#LivingtheDream: Reflections on Living an Actor’s Life, Being Myself, and Following my Bliss

I have always wanted to be an actor. Always. I came to the realization that it was an actual profession at the age of 11, after having been acting since the age of 7. I saw kids on TV and wanted to work. I saw character actors who I still admire today guest starring on shows and wanted to work. I didn’t want to wait until I was adult. I knew what I wanted to do.

After I had my surgery to correct my leg at 13, it took me about two years to really learn how to walk again. This impacted my gait as I walked, and how I moved in the world. I’ve always had a special relationship with my own body and physicality. Whether it was the way I moved, or realizing that others saw me in a certain way, I was always acutely aware I didn’t fit the mold of perfection and normalcy. To put it mildly, I wasn’t very graceful. I tried, but gracefully moving around has always been a challenge.

My characters, whatever I am playing, are going to move certain ways. All of them. There are going to be very few times when I actually change the way my body naturally moves when walking or running to where it will be noticeable. I can make my walk more exaggerated or “worse”  but very very rarely will I be walking with a completely different gait to the point of perfection. It’s what’s normal for me, and that’s okay.

I knew from a very young age that I was a character actor. Ever since I had learned the definition of the term, I knew that I was one.

A character actor or character actress is a supporting actor who plays unusual, interesting, or eccentric characters. The term, often contrasted with that of leading actor, is somewhat abstract and open to interpretation. In a literal sense, all actors can be considered character actors since they all play “characters”, but in the usual sense it is an actor who plays a distinctive and important supporting role.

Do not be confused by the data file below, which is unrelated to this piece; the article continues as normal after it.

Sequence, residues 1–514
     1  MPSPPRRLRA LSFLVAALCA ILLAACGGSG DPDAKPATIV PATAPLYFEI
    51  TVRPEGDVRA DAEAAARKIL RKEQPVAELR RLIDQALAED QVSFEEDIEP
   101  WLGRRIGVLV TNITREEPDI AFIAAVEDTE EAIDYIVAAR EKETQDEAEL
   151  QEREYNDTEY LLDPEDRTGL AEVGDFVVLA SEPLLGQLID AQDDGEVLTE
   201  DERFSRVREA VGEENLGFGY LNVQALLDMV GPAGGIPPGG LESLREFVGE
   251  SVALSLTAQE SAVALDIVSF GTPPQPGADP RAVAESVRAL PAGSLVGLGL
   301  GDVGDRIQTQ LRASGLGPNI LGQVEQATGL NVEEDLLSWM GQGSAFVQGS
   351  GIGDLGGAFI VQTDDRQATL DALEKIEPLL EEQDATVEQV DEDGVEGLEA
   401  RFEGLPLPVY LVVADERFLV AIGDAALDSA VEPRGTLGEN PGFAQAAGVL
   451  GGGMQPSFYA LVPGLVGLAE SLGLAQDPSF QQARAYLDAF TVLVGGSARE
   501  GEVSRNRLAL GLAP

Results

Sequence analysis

When I was looking at colleges about sixteen years ago, I had it in my mind that if I majored in theater, or if the school had a theater department, that it was dangerous for me, because I would be following my dream, and that was frightening. At the time, there were so many nay-sayers with me on my journey to becoming an actor. I think part of me wanted to please my parents by picking the sensible thing to major in and not studying what truly wanted to which was acting. I also listened far too much to those nay-sayers that said acting would be even more difficult for me since I wasn’t a leading lady, I was “different,” and that there just weren’t parts for people like me. “What? Really?” Fortunately, my parents have never been nay-sayers and always encouraged me in whatever I was passionate about.

I majored in English at college even though I had gotten accepted to major in theater at several schools. I specifically went to a college with no actual theater major (they had acting classes and I took them all). Although, they had a music minor (certificate) and various extra curricular activities including drama. I remember when I went to look at the college I ended up attending. I remember standing in the library of what would become my college, and thinking, “This is a good place. Sensible. They don’t have an acting program so I won’t be tempted to do the unreasonable thing.”